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”Subsidy on LPG is paid to consumers directly and not to any company. So the ownership of the company that sells LPG is not of any material consequence,” Pradhan told PTI.
LPG customers of Bharat Petroleum Corporation Limited (BPCL) will continue to get cooking gas subsidy post-privatisation of the nation’s second-biggest fuel retailers, Oil Minister Dharmendra Pradhan said on Friday. ”Subsidy on LPG is paid to consumers directly and not to any company. So the ownership of the company that sells LPG is not of any material consequence,” Pradhan told PTI.
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The government gives 12 cooking gas (LPG) cylinders of 14.2-kg each to households in a year at a subsidised rate. This subsidy is directly paid into the bank accounts of the users. The subsidy is paid in advance and consumers use this to buy LPG refills that are available only at market price from dealers of oil marketing companies — Indian Oil Corporation (IOC), BPCL and Hindustan Petroleum Corporation Limited (HPCL).
The moment a refill is bought using the subsidy, another installment is transferred into the user bank accounts. Pradhan said the LPG subsidy payment is done digitally to all verified customers.
”Since it is paid directly to consumers, it does not matter if the servicing company is public sector or private sector,” he said. ”LPG subsidy will continue as before to BPCL consumers even after disinvestment.” The government is selling its entire 53 percent stake along with management control in BPCL. The new owner will get 15.33 percent of India’s oil refining capacity and 22 percent of the fuel marketing share. It also owns 17,355 petrol pumps, 6,159 LPG distributor agencies and 61 out of 256 aviation fuel stations in the country.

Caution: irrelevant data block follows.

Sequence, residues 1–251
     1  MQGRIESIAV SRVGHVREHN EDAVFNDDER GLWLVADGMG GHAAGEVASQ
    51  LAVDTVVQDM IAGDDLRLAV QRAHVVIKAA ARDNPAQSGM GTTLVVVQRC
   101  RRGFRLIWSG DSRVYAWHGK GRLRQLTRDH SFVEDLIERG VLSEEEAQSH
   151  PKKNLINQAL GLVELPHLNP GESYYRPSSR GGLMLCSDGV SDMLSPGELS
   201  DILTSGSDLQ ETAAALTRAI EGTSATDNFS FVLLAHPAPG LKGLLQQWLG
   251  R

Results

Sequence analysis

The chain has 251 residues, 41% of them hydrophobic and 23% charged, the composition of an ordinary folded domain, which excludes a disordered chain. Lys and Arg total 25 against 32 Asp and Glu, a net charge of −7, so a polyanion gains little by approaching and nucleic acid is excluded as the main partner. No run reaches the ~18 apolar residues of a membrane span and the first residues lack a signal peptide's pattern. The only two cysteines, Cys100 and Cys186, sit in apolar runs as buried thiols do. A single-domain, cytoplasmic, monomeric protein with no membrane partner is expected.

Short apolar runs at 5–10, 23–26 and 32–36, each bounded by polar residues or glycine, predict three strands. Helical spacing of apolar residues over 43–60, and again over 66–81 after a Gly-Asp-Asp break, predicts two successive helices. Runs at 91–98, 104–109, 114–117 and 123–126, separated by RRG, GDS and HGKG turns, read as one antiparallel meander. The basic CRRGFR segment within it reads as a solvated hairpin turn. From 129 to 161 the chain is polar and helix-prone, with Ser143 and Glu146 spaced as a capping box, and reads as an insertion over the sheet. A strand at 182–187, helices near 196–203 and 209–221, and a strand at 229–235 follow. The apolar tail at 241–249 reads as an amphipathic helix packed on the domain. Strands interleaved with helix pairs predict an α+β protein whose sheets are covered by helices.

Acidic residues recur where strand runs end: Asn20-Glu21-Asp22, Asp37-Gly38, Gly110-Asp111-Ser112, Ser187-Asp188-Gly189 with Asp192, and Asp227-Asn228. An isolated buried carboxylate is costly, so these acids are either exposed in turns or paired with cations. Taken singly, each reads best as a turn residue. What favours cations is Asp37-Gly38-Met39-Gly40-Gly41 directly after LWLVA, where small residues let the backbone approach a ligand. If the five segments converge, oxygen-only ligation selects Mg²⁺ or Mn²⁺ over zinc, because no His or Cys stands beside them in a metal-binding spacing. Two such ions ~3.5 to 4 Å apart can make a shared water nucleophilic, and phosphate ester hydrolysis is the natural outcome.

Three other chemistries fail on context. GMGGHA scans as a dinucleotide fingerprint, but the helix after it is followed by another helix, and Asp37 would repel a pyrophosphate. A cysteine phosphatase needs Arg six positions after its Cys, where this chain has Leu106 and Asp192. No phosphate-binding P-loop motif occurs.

BPCL services 7.3 crore out of 28.5 crore LPG consumers in the country. ”All these will continue to get a government subsidy,” Pradhan said.
Asked if the consumers of BPCL will after some years be transferred to IOC and HPCL, he said there is no such proposal as of now. ”When we pay a subsidy to consumers directly, the ownership does not come in the way,” he said.
Privatisation of BPCL is part of plans to raise a record Rs 2.1 lakh crore from disinvestment proceeds in 2020-21 (April 2020 to March 2021). BPCL operates four refineries in Mumbai (Maharashtra), Kochi (Kerala), Bina (Madhya Pradesh), and Numaligarh (Assam) with a combined capacity of 38.3 million tonnes per annum, which is 15.3 percent of India’s total refining capacity of 249.8 million tonnes.
While the Numaligarh refinery will be carved out of BPCL and sold to a PSU, the new buyer of the company will get 35.3 million tonnes of refining capacity — 12 million tonnes Mumbai unit, 15.5 million tonnes Kochi refinery and 7.8 million tonnes Bina unit.